One of the world's great guitarists, Angel Romero, comes to town this weekend to be the soloist with the Buffalo Philharmonic Orchestra in the work that is unquestionably the most popular and revered of all guitar concertos.
It's the "Concierto de Aranjuez" by the late Spanish composer Joaquin Rodrigo, who died in 1999 at age 97, having lived a long and very productive life despite having been stricken with blindness when he was just 3 years old.
The extreme popularity of both guitarist Romero and the Rodrigo concerto would have been reason enough for the BPO's highly unusual decision to offer three performances of this concert in Kleinhans Music Hall. They are scheduled for 7:30. p.m. Friday, 8 p.m. Saturday and 2:30 p.m. Sunday, with the usual "Musically Speaking" preconcert discussion one hour prior to each performance. But there is perhaps an even more overriding reason for this weekend's triple treat.
Since taking the reins of the BPO full-time, JoAnn Falletta has been one of the most highly visible conductors in the orchestra's 65 year history. Her face can be seen on billboards, on the side of buses, in magazine and newspaper ads -- everywhere.
This weekend, however, in addition to conducting Falletta will present another, different face to the audience, that of an instrumentalist. She will take her guitar out of its case and bring it on stage to join Romero as soloists in a performance of Vivaldi's Concerto in D Major for Two Guitars and Strings.
"I'm just thrilled to have the opportunity to play with Angel Romero," Falletta said, "because he was one of my role models when I was learning to play the guitar. Then to come back after intermission and lead a great orchestra like the BPO in the brilliant Concerto for Orchestra by Bartok makes this an unforgettable weekend for me."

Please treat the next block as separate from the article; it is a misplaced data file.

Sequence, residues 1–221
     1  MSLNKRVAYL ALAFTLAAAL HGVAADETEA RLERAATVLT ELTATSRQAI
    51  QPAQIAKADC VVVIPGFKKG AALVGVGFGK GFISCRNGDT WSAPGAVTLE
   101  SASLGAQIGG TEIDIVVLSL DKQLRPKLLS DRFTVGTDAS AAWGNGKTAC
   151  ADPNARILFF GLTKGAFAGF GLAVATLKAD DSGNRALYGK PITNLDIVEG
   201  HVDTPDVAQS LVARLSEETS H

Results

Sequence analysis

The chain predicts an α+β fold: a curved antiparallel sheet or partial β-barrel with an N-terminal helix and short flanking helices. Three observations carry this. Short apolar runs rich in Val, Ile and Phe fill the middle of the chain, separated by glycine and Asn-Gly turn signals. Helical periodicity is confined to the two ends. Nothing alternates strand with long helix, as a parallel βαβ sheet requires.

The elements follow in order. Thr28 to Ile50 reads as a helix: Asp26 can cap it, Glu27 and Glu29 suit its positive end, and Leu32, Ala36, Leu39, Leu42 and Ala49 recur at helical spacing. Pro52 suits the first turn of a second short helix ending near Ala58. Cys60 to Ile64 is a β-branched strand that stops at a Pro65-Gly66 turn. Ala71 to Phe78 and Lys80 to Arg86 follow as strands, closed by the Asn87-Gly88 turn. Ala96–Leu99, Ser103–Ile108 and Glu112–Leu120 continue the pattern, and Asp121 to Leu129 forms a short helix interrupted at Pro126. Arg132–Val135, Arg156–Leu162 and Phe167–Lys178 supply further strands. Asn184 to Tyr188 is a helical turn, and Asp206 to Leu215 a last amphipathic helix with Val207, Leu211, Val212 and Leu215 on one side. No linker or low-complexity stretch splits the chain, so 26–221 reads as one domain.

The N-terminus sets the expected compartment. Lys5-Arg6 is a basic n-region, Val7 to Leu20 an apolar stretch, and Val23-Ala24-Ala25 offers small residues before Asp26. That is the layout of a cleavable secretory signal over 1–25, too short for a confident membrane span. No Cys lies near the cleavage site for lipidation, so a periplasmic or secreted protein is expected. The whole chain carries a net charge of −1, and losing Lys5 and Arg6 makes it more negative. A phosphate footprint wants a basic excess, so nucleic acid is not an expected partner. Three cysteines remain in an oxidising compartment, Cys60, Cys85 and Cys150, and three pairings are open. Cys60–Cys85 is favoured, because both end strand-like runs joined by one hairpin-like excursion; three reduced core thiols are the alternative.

In her first major interview with The News subsequent to her appointment as BPO music director, Falletta confided that as a youngster she had played piano, cello and guitar. That was in October 1998.
Barely a month later, in came some evidence that her relationship with the guitar was more than a dilettante affair. It was a recording on the Koch International label of chamber works by Schubert, Beethoven and the little-known Wenzel Matiegka, with Falletta as the guitarist. Although she had very few solo lines on this recording, The News' review pointed out her playing was of such assurance, and meshed so superbly with the other ensemble members, that it was apparent Falletta is, indeed, a very accomplished guitarist.
This contention is affirmed by the fact that Romero has accepted Falletta as his partner in the Vivaldi concerto. Romero has been playing professionally since age six, made his American debut at 16 in the famed Hollywood Bowl and has gone on to perform not only in all the world's major concert and recital halls, but also in such extraordinary venues as the U.N.'s General Assembly Hall, where he was invited in 1992 for a musical celebration of the 500th anniversary of Columbus' discovery of America.
Romero last played with the BPO in 1990 when Eiji Oue conducted a performance of the same Rodrigo "Concierto de Aranjuez" that Buffalonians will hear this weekend.